EVIDENCE FOR KILOMETER-SCALE, FLUID-CONTROLLED REDISTRIBUTION OF GRAPHITE IN PELITIC SCHIST IN THE TACONIC THRUST BELT ON MOUNT GREYLOCK, MASSACHUSETTS
The distinction between graphite-rich and graphite-poor rocks is not a reliable stratigraphic tool. Typically graphite-rich (1-2 wt %) and graphite-poor (0.1-0.2 wt%) rocks are interlayered on scales ranging from 10- to 100-m. Examination of 200 thin sections reveals that 55% of WF samples are graphite-rich, but 45% are graphite-poor. Although only 10% of the GS samples are graphite-rich, 55% contain plagioclase grains with abundant graphite inclusions surrounded by a graphite-poor matrix, indicating that graphite was removed from the matrix by aqueous fluids.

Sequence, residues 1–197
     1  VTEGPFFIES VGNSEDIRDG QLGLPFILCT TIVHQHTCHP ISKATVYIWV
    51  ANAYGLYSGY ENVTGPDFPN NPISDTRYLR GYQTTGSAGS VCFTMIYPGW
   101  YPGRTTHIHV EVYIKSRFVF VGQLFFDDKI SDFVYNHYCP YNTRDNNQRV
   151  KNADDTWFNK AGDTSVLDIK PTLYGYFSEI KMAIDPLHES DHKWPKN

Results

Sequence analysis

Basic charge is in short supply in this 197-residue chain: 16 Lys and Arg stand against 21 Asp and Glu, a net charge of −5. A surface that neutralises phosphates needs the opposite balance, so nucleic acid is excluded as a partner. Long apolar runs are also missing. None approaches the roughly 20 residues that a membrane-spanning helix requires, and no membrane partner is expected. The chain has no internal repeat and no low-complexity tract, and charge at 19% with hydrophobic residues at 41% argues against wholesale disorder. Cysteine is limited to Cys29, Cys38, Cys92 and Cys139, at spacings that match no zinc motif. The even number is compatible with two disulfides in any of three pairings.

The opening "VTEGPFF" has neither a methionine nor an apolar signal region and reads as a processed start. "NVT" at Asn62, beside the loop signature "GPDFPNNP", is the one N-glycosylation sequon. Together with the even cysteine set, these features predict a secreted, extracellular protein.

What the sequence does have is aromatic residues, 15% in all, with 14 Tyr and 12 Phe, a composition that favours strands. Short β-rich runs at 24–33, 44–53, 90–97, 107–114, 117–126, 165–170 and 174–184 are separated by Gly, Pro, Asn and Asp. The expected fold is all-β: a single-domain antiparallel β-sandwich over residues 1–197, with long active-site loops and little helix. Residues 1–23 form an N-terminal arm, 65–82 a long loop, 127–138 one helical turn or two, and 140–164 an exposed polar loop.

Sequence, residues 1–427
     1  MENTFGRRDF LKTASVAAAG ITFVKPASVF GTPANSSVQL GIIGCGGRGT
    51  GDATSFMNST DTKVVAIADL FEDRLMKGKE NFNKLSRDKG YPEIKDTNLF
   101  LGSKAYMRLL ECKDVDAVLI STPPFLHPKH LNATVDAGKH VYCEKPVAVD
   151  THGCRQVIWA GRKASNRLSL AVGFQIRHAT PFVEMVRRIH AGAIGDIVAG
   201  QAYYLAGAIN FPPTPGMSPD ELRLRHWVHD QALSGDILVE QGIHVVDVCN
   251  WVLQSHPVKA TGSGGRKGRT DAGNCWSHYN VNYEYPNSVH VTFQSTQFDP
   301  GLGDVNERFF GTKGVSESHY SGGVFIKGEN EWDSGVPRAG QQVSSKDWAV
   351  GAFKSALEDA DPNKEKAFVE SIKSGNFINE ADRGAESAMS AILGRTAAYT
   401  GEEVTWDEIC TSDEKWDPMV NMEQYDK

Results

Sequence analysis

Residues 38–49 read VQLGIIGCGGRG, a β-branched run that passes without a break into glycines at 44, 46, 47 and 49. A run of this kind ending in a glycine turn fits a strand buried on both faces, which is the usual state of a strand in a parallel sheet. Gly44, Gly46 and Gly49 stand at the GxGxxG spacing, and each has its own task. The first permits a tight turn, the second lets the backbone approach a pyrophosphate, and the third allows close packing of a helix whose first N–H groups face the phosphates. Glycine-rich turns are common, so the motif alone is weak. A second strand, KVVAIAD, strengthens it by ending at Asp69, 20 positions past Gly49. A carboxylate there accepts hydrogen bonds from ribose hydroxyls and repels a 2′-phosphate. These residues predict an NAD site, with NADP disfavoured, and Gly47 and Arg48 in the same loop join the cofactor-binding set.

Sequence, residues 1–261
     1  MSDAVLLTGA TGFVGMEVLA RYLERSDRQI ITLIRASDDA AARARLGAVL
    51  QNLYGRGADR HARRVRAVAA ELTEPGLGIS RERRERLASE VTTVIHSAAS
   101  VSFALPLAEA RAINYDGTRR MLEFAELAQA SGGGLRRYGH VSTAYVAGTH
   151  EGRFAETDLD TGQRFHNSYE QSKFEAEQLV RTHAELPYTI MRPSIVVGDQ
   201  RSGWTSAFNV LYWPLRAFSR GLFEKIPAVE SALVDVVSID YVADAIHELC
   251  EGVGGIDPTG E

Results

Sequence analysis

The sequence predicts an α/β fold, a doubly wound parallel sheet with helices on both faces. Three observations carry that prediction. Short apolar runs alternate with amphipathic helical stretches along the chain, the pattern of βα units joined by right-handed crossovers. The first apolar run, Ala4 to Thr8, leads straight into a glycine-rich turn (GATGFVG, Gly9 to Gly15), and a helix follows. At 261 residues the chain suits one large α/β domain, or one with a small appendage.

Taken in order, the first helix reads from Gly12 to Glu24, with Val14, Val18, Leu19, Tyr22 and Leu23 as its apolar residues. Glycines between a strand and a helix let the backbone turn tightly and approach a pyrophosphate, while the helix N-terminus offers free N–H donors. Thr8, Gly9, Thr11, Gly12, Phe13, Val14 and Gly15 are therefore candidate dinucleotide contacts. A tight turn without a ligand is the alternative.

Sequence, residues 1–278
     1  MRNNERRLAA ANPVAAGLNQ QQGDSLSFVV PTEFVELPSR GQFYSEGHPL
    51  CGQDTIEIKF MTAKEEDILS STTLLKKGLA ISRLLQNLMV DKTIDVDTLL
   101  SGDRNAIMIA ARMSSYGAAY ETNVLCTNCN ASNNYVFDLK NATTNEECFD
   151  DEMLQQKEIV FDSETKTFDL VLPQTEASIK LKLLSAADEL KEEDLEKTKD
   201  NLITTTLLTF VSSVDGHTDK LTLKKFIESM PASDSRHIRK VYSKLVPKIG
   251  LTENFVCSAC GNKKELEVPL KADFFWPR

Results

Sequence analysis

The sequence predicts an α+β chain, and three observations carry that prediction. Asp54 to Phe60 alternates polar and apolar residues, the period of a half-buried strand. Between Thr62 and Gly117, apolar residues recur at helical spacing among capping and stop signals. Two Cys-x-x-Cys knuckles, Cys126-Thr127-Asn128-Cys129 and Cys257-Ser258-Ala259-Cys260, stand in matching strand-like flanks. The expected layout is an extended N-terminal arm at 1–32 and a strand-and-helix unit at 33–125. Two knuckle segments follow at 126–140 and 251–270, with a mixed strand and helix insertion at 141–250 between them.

We suggest that C was widely and more evenly distributed throughout the pelitic schist, and that large-scale redistribution of graphite occurred during metamorphism and thrusting. Aqueous fluids dissolved C in large volumes of rock, which are now graphite-poor, but commonly contain plagioclase with abundant graphite inclusions. Faults focused fluid flow and retrograde reactions, commonly observed in fault zone rocks, consumed water and decreased C solubility. C precipitated from these fluids to produce graphite-rich schist. Graphite weakened fault zone rocks and created a positive feedback between faulting, fluid flow, and graphite precipitation. We map the main thrust between graphite-rich schist and marble and include all of the pelites in the hanging-wall.